Multi-Task Discriminative Estimation for Generative Models and Probabilities

author: Tony Jebara, Department of Computer Science, Columbia University
published: March 26, 2010,   recorded: December 2009,   views: 5472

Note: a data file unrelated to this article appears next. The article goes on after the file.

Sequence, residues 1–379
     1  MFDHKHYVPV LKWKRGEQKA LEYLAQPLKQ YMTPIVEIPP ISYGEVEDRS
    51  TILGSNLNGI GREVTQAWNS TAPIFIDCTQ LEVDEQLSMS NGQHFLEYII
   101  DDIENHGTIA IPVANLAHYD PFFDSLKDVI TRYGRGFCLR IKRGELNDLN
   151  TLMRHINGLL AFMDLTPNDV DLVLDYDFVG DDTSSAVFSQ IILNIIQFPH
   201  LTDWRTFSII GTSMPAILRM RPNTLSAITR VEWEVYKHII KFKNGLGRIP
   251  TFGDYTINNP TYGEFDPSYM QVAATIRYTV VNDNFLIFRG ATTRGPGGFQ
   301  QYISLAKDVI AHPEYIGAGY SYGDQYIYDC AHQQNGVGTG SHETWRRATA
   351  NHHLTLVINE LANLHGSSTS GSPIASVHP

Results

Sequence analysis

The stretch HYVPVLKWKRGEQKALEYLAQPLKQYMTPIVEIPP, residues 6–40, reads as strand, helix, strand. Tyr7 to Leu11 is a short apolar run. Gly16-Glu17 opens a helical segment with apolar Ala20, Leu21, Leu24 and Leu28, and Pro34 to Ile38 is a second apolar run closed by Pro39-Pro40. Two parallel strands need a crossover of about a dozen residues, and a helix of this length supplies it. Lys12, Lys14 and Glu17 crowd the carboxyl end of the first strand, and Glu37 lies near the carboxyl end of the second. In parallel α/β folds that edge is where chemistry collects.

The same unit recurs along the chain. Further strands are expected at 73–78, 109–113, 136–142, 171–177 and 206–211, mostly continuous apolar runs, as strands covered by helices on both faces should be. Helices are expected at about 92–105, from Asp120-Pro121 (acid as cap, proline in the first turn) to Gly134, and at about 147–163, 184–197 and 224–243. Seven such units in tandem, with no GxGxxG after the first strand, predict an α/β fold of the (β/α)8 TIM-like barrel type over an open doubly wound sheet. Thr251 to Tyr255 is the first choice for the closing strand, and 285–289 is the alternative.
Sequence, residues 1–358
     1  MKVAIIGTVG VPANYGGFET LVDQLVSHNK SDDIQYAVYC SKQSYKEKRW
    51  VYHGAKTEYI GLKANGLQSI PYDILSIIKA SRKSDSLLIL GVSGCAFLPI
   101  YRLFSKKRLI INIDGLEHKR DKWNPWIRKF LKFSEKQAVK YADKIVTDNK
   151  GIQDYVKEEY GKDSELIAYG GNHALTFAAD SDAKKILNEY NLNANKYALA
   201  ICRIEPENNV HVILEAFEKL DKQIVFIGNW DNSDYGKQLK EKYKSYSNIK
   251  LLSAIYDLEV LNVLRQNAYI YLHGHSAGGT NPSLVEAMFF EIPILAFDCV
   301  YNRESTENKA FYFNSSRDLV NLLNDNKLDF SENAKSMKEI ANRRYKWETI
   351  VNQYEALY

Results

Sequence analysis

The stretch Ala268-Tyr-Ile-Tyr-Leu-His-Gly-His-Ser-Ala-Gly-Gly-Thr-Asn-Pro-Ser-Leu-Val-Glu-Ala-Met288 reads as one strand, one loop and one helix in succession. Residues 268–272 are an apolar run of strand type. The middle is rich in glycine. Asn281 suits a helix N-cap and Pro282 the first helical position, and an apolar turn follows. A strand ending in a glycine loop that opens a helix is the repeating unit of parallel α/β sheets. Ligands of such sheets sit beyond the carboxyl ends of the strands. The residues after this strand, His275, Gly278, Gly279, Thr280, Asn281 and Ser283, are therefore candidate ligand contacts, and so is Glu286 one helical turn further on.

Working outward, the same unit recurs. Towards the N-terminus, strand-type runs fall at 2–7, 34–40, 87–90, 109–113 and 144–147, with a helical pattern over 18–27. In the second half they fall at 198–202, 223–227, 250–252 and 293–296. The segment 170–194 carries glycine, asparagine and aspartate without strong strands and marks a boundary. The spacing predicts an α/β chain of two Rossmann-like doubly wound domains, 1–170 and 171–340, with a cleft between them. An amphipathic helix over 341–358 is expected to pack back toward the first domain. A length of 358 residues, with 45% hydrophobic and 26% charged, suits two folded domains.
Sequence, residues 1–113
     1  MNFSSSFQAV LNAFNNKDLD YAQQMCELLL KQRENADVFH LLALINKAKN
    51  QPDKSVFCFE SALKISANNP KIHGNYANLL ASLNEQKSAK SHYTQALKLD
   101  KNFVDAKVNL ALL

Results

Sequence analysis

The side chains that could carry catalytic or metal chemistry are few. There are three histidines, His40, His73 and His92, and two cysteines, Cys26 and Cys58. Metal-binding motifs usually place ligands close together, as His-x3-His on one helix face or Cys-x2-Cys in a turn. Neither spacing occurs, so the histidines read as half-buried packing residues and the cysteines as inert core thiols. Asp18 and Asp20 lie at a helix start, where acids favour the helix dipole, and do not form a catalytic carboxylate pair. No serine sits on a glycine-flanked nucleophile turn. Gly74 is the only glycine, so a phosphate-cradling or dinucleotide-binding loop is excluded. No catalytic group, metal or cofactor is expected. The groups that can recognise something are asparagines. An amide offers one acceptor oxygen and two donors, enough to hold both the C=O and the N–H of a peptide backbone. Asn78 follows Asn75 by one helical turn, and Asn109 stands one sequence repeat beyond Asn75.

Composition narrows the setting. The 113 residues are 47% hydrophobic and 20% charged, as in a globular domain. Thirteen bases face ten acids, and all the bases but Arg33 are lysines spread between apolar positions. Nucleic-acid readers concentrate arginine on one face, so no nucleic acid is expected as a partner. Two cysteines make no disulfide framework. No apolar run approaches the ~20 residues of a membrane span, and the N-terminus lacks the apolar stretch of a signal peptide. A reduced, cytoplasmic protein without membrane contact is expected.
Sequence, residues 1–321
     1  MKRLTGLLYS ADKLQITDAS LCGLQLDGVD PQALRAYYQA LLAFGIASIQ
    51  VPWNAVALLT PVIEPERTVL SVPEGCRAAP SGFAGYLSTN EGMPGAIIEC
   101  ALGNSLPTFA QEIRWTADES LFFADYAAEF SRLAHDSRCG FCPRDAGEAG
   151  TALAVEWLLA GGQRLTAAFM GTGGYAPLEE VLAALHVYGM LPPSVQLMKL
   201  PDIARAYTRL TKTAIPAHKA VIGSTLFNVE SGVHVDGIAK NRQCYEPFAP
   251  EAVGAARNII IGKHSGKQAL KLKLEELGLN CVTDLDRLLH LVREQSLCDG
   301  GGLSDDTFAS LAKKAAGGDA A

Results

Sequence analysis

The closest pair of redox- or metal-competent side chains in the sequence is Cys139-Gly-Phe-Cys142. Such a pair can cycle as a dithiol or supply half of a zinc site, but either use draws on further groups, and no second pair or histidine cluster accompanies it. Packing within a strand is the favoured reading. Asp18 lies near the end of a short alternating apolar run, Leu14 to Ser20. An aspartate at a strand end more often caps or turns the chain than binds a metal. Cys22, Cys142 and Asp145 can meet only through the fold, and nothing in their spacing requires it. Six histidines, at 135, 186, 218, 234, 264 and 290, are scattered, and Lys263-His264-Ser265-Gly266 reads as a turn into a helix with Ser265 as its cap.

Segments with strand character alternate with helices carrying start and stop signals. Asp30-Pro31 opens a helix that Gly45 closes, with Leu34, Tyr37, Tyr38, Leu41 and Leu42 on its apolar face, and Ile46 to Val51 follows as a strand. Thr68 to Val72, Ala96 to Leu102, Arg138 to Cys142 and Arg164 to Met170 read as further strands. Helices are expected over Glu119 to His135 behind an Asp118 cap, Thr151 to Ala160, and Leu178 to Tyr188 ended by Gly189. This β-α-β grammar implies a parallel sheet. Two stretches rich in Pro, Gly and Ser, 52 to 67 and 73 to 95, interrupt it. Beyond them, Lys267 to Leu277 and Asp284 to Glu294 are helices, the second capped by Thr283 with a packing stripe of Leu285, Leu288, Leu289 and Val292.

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Maximum entropy discrimination is a method for estimating distributions such that they meet classification constraints and perform accurate prediction. These distributions are over parameters of a classifier, for instance, log-linear prediction models or log-likelihood ratios of generative models. Many of the resulting optimization problems are convex programs and sometimes just simple quadratic programs. In multi-task settings, several discrimination constraints are available from many tasks which potentially produce even better discrimination. This advantage manifests itself if some parameter tying is involved, for instance, via multi-task sparsity assumptions. Using new variational bounds, it is possible to implement the multitask variants as (sequential) quadratic programs or sequential versions of the independent discrimination problems. In these settings, it is possible to show that multi-task discrimination requires no more than a constant increase in computation over independent single-task discrimination.

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